How Devin Vassell Might Fit in New York

Kris Pursiainen

[This is the ninth prospect in the 2020 draft that I've done a breakdown on. You can read about Cole Anthony here, Deni Avdija here, Tyrese Haliburton here, Anthony Edwards here, RJ Hampton here, Killian Hayes here, Onyeka Okongwu here, or Obi Toppin here.]

Devin Vassell is a 6'7" 194 lb sophomore wing from Florida State. Vassell will be 20 by the time the draft occurs, but the extent to which some of his skills are already NBA ready is reason enough for a team to use a lottery pick to select him. 

Vassell's ability as a team defender alone makes him one of the better players on that side of the court from this year's class; whichever team ends up with Vassell will be getting a productive team defender who knows how to affect plays even when his man doesn't have the ball. He has an incredible motor in regards to both his individual and team defense: his closeouts, switches, and sharp defensive movements in general are all high energy and fundamentally sound. Whether jumping to try and block a shot, keeping his hands out or up to make things tough on his man, or staying active in the passing lanes and reaching for steals, Vassell will be making impressive defensive plays. I believe his 6'10" wingspan and technical ability will certainly be of benefit to him when doing so. 

Offensively, Vassell could step right into the "3 & D" role many teams have wings play in. In his sophomore season, he made 41.5% of his three-point attempts - of which there were 3.5 per game. The low volume implies that the percentage might not translate once he begins taking more shots, but the notably high percentage and his developed release demonstrate the baseline technical ability Vassell possesses to hit shots from deep. His high release on his jumpshot, footwork, and awareness on either end of the court will allow that skillset to easily translate to the NBA level.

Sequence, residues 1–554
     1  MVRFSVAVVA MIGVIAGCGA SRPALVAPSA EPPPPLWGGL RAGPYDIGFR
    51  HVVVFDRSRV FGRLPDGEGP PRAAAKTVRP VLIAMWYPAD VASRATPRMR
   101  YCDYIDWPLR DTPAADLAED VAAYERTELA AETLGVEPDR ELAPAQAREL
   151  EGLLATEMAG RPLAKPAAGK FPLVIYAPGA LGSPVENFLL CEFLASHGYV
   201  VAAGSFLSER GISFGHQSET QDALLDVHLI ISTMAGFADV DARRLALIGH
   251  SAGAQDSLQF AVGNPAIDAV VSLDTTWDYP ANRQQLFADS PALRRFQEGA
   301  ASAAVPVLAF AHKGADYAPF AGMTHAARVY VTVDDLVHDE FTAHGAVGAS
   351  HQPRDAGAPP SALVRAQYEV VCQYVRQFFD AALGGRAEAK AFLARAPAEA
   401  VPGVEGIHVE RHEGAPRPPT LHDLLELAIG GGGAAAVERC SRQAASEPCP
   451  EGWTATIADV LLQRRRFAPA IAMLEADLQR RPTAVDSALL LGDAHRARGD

Vassell isn't the strongest player, but using his ballhandling skills, Vassell is at times able to create space for himself to get a shot off even when he has no path to the rim. If he is able to drive into the paint, he has trouble finishing those looks at a high rate - a problem that may be at least partially addressed with a year in an NBA weight room. He fits the typical 3&D mold as of right now, but has certainly flashed potential to expand his game a bit further.

Despite the issues with "switchability" and beating defenders off the dribble due to his size, Vassell should be able to contribute right away to whatever rotation he becomes a part of this fall. As one of the class's best defenders, and a player with a growing offensive game that already involves high-level shooting, Vassell has a lot of potential in the NBA. He and RJ Barrett have a chance of becoming nice complements to each other on the wing, as his trouble finishing and willingness and ability to shoot from deep might serve as the perfect yang to the successes around the rim and failures from behind the arc of Barrett's rookie campaign. 

Vassell won't do much with the ball off the dribble, but he will knock down shots when open or able to use his size to get a shot off. This ability to space the floor would greatly benefit the likes of Mitchell Robinson, along with the rest of the Knicks' young core, due to the fact that the lack of spacing provided by last season's supporting cast resulted in too many packed paints for either Barrett or Robinson to operate in.

The absence of large separation between this year's lottery prospects makes it difficult to predict exactly where a player like Vassell will be taken. Will a team think they might have the next Donovan Mitchell-type player on their hands and use an early pick on him? Will his age cause him to slip a few spots in favor of younger and more "moldable" prospects? These questions can only be answered with time, rumors, and draft results. For now, Knicks fans can look forward to the NBA Draft Lottery on August 25, 2020.